As Google has always been doing with their Chrome web browser, Mozilla has recently switched to a web-based installer for its browser, Firefox. Now, when you click the download link, you will get a small installer stub instead of the full big-sized installer. The web installer downloads the full version of Firefox. This is not an issue for users who want to install Firefox on just one PC, or who have a good Internet connection which is always online. However, there are several cases where you might need the complete, full offline installer for Firefox. For example, if you want to download it once and then install it on multiple PCs, it makes no sense to download it individually on every PC. Also, if you have an expensive and limited mobile internet data plan, then again you wouldn't want to download Firefox multiple times. To get the full offline installer for Firefox, you have at least two options. Continue reading "Download the Firefox full offline installer and bypass the web installer"
For many years I used Opera as my browser. As Opera Software decided to kill their very own desktop browser and replaced it with a featureless Chrome-based clone, I switched to Mozilla Firefox. Out of the box, Firefox is not perfect for me, but installing a few add-ons changes the situation. I have hand-picked 5 must-have add-ons which improve the Firefox experience. Add-ons are the real power of Firefox and have been for a long time. Today, I would like to share with you this list of my favorite add-ons, and who knows, maybe you will find them useful too!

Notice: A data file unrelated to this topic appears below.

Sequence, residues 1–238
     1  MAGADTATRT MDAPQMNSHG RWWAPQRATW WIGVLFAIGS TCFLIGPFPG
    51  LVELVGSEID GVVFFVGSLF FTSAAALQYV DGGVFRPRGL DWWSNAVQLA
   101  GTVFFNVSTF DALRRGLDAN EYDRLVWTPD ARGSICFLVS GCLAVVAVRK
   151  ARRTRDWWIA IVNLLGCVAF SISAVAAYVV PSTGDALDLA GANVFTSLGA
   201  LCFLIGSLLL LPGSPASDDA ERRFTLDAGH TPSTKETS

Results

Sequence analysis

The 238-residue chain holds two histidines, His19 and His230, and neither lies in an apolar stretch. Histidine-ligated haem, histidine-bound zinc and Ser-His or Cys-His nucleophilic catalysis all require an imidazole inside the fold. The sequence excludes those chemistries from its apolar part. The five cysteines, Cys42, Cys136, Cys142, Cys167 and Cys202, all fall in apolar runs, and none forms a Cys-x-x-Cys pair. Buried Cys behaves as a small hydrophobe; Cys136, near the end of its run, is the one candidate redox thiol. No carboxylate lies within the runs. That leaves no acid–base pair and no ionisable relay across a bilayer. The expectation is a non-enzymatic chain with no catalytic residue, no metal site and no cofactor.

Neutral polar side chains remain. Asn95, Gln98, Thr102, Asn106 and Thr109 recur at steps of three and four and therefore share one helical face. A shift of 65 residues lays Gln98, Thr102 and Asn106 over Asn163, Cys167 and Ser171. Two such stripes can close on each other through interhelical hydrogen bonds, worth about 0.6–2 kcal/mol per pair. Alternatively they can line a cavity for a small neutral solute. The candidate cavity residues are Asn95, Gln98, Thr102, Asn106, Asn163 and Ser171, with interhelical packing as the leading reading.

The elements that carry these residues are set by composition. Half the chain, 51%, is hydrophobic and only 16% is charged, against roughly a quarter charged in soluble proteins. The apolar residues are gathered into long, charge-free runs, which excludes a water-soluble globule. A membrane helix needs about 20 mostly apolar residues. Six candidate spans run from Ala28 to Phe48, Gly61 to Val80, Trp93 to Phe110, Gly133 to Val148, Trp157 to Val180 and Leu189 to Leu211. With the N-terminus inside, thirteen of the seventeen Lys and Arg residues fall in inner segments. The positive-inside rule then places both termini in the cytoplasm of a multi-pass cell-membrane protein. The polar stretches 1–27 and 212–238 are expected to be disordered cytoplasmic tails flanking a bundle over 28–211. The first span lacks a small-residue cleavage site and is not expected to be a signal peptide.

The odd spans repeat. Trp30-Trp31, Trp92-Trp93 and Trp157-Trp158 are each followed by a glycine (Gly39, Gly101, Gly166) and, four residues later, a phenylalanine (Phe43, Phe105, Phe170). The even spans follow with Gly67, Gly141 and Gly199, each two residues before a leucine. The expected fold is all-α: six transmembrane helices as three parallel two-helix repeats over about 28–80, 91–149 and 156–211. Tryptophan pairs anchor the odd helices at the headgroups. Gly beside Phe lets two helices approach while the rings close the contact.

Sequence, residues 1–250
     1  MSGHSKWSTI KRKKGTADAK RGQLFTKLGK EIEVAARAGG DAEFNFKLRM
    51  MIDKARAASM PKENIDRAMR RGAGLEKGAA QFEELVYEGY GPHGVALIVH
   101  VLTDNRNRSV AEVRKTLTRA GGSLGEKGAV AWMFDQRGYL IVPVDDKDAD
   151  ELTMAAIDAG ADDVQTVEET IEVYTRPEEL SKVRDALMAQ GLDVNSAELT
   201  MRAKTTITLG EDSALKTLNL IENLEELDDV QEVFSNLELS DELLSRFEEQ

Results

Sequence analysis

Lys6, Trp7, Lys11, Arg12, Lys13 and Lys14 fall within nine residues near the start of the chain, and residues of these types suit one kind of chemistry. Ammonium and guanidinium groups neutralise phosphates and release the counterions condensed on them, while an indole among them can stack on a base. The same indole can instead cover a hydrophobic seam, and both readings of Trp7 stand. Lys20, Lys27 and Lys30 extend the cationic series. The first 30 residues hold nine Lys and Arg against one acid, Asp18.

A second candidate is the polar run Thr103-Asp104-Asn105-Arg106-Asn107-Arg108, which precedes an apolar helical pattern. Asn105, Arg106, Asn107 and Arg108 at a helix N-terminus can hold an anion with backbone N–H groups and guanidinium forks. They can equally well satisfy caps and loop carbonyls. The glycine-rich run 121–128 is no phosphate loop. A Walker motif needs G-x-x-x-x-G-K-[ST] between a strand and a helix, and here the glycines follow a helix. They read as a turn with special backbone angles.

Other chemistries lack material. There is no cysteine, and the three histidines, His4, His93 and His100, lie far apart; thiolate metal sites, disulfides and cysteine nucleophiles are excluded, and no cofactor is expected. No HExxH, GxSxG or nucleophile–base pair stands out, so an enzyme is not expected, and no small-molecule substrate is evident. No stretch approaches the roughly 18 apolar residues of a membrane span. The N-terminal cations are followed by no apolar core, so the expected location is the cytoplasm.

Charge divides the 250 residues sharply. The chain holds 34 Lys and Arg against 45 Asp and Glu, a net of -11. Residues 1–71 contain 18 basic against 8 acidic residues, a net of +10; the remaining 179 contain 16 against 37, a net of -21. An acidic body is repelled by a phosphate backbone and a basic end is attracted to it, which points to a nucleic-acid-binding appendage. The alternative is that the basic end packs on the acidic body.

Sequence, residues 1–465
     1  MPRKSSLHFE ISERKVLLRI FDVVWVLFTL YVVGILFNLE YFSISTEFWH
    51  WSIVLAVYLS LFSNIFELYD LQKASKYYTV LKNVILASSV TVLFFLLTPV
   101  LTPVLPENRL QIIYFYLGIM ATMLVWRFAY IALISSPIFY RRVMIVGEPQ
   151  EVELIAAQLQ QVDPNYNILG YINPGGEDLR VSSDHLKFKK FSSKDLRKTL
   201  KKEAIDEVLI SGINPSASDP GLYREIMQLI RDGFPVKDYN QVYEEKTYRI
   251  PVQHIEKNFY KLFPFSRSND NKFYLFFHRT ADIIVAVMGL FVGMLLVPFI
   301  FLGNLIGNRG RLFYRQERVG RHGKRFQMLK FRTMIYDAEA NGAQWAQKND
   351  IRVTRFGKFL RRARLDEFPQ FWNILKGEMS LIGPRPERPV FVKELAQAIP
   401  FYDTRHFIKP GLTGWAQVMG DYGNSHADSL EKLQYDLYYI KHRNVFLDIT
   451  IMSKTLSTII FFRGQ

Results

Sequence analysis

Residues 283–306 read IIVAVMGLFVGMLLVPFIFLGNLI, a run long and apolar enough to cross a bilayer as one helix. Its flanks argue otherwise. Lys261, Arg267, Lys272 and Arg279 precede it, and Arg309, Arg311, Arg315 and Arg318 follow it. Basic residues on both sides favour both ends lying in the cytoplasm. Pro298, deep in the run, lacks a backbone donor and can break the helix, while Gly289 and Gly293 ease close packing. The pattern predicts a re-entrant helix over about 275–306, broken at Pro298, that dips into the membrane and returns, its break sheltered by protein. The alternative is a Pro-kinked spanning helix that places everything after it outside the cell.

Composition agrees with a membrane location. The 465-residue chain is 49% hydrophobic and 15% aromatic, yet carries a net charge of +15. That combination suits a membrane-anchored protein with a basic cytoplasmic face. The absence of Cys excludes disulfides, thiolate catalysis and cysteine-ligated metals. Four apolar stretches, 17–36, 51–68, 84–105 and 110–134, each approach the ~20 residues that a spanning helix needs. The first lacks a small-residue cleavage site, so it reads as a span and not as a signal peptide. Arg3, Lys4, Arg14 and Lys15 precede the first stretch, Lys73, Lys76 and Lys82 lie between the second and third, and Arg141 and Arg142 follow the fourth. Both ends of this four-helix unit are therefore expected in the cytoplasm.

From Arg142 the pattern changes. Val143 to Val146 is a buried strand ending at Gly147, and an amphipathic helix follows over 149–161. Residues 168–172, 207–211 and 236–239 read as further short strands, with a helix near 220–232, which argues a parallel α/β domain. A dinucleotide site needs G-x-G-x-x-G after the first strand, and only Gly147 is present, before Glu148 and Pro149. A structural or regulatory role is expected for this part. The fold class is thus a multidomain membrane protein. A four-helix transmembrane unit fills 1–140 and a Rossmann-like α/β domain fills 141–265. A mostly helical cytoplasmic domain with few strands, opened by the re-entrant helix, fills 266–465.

If you are the lucky owner of some Windows based Tablet PC and also prefer to use Firefox over Internet Explorer, then you might want to be able to control your Firefox browser easily with a touch screen. Although Mozilla provides a Metro (Modern UI) version of Firefox, it has limitations comparing to the regular Desktop version. Modern apps in Windows 8 run in a sandbox, so they are feature limited and restricted by design. Recently, I discovered a theme for the desktop version of Firefox which helps you to control the browser with a touch screen by making controls larger than the default.
With a future update to Firefox, Mozilla plans to roll out a new user interface for the browser, called Australis. Here at Winaero, I have often covered ways to make Firefox get the classic look. Today, I would like to walk you through the steps to restore the good old 1-click bookmark star button in the address bar, because I do not like the big combined star+bookmarks menu on the Australis toolbar.
I always keep a watch on Firefox's latest nightly builds as all the cool new features land there first. Here is an amazing news I read about Firefox. The current nightly version of Firefox comes with a secret hidden feature which allows you to enable a separate process for each tab in Firefox! What does this mean for us average users? Well, the process-per-tab model is a very clever architectural solution to prevent crashes. It allows preventing the entire browser from crashing if something goes wrong. With multi-process tabs, only the problematic tab will crash, and try to recover, while the rest of the tabs continue to work properly. If you are familiar with Google Chrome or Internet Explorer, you might be knowing that both use a similar process-per-tab architecture. Let's look now at how to enable this separate process per tab functionality in Firefox. Continue reading "How to enable a separate process per tab in Firefox"